Tuesday, 4 October 2011

What works and what works best. (What's it all about, Alfie?)

In the 1970’s I learned a lot about human motivation, human development and human behavior. I worked in schools, universities and hospitals. I learned about organizational development and how systems worked and learned why sometimes they didn’t work.  It seemed to me that a system worked because it was designed with the users in mind and involved them in the development and application process. A system often didn’t work because it was designed by those outside, was pre- fabricated, imposed and not tailored to specific needs.

If we are to succeed in our work and in our country, we must learn how to build collaborative energy, how to listen carefully to what is and what is not being said, how to ask questions that are penetrating and honest, how to discern the real from the superficial, and how to help a group move forward with a purposeful, shared vision.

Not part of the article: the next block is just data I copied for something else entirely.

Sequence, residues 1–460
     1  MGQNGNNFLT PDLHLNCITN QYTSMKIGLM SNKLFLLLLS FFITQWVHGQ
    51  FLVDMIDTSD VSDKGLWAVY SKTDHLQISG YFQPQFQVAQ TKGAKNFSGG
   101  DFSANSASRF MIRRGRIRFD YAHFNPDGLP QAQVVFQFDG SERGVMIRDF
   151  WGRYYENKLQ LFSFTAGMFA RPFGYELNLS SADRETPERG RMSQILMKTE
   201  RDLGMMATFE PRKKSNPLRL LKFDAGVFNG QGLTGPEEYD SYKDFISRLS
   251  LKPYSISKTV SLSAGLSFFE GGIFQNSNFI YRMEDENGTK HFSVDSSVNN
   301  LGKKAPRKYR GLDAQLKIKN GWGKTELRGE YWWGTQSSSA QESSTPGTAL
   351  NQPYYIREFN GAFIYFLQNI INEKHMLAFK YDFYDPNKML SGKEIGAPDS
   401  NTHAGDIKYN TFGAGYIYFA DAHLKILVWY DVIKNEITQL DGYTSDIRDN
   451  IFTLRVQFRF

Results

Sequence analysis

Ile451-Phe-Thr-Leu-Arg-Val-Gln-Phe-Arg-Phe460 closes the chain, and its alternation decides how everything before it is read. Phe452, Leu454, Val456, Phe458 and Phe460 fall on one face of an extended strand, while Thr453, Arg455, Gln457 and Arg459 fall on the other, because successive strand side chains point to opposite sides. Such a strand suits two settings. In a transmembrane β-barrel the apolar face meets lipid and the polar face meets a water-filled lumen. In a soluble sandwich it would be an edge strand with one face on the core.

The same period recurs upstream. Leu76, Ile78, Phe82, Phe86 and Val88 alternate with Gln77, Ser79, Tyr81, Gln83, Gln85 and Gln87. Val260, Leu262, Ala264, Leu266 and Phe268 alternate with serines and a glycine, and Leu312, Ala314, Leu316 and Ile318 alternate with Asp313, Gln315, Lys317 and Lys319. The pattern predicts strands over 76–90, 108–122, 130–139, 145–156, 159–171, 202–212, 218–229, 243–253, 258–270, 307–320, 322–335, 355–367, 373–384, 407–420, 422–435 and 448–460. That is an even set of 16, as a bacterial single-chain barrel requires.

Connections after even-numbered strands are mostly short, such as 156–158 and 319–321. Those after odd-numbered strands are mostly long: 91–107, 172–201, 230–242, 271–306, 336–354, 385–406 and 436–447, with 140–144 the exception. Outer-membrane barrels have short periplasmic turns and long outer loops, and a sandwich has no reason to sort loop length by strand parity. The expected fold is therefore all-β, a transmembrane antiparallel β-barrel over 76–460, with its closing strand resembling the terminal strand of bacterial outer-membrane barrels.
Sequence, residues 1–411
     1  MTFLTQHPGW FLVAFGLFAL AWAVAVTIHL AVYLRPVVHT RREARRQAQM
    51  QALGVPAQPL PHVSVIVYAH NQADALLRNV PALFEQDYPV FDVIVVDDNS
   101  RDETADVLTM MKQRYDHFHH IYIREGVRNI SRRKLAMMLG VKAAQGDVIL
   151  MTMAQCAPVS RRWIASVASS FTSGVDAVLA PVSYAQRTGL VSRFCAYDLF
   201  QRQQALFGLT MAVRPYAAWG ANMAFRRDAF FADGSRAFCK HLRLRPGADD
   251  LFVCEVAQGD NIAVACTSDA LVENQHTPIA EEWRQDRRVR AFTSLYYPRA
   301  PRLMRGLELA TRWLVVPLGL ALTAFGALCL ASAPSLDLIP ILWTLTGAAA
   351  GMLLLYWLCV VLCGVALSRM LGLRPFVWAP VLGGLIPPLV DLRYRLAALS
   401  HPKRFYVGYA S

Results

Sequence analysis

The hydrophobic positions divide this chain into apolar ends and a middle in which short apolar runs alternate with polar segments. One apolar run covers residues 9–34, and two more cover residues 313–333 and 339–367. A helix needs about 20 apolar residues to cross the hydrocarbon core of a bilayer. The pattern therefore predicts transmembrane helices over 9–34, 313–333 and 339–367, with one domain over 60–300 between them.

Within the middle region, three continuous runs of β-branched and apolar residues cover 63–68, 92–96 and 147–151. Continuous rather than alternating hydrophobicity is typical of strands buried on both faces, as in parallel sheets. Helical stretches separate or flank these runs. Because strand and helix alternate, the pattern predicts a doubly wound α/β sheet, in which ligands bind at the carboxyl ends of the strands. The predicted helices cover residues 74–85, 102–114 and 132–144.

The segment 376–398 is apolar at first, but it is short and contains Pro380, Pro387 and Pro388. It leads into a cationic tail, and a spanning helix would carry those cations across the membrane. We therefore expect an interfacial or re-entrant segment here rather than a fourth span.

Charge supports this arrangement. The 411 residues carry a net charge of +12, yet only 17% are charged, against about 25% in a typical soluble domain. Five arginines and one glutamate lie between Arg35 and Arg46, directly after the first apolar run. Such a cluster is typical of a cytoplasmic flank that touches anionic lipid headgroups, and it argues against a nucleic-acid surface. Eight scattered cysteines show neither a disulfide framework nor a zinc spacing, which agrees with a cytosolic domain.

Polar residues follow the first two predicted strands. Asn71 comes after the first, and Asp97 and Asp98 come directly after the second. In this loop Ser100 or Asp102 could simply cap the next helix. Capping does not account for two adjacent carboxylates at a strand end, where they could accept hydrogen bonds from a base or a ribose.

What has seven decades of learning taught me to understand and to appreciate, to celebrate and enjoy and to use most readily in my profession and my work?  I have learned most of all that it is about who I am, not simply about what I do.  I learned that there is an important distinction between my work and a job.  My work is my passion, what I care about the most and my job is what I have to do in order to get to my work.
My work has been with people, helping them to learn about who they are and how they can get closer to their dreams of what can be.  And it’s about becoming, that we are always in process of becoming more of a human being, not a human doing.  What I do is about who I am.  That means developing and growing our humanity, our human spirit and being in touch and in tune with the natural world such that we not only know who we are and what we’re about but that we place the highest premium on the sacredness of every person, starting with ourselves. 
We can learn the benefits of how to support each other, how to give what others need, and that may not necessarily be what they say they want.  I am reminded of the beggar on the street asking for money.  If his real need is for food or clothing or shelter, then give food, clothes and shelter, not just money.  The needs of the world are overwhelming but we can begin with each person we meet along the way.  At least, that’s what I have learned that works for me and a lot of others.

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